INDIA: Child labour on the rise in cottonfields

Publisher Name: 
Business Standard

More than 416,000 children under the age of 18, of whom almost
225,000 are younger than 14, are involved in child labour in India's
cottonseed production. Most of them are girls.




They work in the states of Andhra Pradesh, Gujarat, Karnataka and
Tamil Nadu, which account for nearly 92 per cent of the cottonseed
production in the country.




A recent report titled 'Child bondage continues in Indian cotton
supply chain' reveals that the total number of working children in
cottonfields has risen over 2003-04.




The only state to see a decline in the rate of child labour under 14
is Andhra Pradesh (AP), which has received the most scrutiny from
the media, civil society and industry. Gujarat, which has the
largest area under cottonseed production in the country, accounts
for 1,75,260 (42 per cent) of the total children employed in this
sector.




Farmers employ children, particularly girls, in order to minimise
costs. The labour cost accounts for 50 per cent of the total cost of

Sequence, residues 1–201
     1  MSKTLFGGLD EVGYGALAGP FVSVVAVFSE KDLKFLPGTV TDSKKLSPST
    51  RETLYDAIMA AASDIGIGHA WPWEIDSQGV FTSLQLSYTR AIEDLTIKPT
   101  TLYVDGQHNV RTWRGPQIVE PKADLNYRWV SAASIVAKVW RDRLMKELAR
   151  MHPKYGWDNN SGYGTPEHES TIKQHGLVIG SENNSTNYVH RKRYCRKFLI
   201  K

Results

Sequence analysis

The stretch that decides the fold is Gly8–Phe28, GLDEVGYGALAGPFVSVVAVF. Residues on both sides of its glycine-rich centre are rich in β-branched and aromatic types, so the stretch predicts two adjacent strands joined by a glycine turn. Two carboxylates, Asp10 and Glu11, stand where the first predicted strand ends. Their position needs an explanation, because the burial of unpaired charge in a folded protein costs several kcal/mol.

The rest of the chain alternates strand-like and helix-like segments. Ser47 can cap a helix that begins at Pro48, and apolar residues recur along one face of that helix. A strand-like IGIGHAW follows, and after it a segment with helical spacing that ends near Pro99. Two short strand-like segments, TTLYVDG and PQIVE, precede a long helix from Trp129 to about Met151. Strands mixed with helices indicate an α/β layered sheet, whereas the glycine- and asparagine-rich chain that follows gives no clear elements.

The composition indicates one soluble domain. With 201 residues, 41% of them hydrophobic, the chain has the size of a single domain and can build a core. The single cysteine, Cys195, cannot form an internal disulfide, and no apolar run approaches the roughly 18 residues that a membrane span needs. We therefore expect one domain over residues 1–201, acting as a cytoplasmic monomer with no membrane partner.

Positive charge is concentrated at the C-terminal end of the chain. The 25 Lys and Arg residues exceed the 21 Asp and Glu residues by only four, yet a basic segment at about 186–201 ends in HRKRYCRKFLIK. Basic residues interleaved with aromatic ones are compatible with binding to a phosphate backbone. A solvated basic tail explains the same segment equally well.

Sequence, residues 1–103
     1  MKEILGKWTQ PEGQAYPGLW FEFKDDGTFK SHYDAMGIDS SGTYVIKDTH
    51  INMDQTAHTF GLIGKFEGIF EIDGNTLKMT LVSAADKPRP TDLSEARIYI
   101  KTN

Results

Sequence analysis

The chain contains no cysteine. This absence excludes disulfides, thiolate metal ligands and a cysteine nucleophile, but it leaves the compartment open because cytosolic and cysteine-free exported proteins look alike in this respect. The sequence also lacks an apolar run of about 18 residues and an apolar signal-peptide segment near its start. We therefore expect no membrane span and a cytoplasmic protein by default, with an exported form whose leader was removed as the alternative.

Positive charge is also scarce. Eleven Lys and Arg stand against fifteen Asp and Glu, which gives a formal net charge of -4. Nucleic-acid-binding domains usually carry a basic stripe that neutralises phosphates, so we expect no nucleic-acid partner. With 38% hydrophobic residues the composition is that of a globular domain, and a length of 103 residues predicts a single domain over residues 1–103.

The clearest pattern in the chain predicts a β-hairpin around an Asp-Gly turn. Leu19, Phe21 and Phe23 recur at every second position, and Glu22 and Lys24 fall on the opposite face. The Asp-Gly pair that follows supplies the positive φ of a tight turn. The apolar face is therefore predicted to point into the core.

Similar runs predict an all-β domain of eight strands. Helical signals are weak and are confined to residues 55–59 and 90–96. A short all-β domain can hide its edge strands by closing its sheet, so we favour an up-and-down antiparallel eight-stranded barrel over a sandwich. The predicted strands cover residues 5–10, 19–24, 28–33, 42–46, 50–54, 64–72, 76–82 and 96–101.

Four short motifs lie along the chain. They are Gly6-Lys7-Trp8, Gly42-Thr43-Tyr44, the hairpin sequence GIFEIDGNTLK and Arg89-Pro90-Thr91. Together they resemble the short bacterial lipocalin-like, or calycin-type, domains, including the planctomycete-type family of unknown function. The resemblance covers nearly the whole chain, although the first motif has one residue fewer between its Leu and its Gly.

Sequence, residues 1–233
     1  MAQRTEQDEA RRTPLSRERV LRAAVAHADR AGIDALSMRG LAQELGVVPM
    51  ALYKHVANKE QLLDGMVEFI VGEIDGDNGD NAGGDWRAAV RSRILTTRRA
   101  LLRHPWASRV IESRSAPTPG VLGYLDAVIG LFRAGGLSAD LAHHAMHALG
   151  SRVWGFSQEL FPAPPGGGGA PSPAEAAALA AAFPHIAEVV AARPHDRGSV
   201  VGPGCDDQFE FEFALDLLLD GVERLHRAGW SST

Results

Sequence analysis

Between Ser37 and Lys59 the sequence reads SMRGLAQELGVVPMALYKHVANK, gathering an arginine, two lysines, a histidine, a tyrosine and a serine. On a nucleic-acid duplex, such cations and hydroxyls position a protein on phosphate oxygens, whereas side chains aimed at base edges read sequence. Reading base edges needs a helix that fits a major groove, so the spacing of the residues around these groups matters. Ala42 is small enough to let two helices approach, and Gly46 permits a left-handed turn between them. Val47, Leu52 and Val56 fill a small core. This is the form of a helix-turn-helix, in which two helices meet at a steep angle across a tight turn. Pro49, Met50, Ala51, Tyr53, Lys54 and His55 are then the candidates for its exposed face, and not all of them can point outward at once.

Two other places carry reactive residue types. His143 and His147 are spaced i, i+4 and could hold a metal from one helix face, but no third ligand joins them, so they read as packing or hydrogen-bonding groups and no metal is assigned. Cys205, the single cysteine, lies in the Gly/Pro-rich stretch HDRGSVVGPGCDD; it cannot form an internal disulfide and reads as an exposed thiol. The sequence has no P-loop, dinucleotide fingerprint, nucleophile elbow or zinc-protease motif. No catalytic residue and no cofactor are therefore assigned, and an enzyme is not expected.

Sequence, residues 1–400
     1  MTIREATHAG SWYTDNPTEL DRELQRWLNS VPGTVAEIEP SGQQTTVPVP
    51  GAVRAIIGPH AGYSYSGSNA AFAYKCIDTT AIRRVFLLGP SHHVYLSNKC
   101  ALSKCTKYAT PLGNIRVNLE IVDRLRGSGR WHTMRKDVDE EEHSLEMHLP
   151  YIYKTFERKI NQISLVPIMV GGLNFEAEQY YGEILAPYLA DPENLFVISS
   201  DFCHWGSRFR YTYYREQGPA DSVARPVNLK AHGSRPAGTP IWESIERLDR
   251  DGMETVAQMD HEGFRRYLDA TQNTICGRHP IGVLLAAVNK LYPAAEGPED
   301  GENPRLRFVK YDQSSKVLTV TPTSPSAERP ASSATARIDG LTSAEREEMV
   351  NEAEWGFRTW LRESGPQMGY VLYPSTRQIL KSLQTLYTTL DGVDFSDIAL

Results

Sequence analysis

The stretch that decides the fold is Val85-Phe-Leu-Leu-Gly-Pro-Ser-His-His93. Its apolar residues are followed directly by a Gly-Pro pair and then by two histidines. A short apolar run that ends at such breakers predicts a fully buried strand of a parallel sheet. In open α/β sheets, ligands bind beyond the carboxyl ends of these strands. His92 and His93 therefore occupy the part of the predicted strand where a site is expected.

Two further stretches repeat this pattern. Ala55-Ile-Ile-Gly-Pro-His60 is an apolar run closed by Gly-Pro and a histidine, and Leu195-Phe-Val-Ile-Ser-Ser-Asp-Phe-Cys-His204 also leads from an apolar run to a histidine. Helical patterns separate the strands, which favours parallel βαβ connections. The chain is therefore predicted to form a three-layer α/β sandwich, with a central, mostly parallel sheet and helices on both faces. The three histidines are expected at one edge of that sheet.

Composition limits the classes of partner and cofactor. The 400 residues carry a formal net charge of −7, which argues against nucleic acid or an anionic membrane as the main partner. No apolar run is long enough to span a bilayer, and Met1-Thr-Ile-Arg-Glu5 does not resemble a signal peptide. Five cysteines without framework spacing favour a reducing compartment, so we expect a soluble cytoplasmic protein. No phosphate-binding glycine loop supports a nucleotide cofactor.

cottonseed production.




The report has been published on behalf of the India Committee of
the Netherlands (ICN), International Labor Rights Forum (ILRF),
Organisation for Economic Cooperation and Development (OECD) Watch,
German Agro-Action and OneWorld Net NRW of Germany.




It is based on field research and has been written by Davuluri
Venkateswarlu, director of the Hyderabad-based Glocal Research and
Consultancy Services.




According to the report, more than 13 Indian companies and two
multinationals, Monsanto and Bayer, are involved in this "modern
form of child slavery".




The biggest among the Indian seed companies, Nuziveedu, Raasi, Ankur
and Mahyco (a joint venture partner of Monsanto), make use of around
200,000 children who are employed by the farmers to whom they have
sub-contracted the cultivation of Bt cotton seeds.




According to Venkateswarlu, Bayer and Monsanto have acknowledged the
use of child labour on farms they have sub-contracted to farmers and
have initiated programmes to address the issue.




The study is based on the analysis of primary data collected through
field visits to 430 sample cottonseed farms in 78 villages in the
four states. Of the 430 farms surveyed, 280 are in AP, 60 in
Gujarat, 50 in Tamil Nadu and 40 in Karnataka.

AMP Section Name:Labor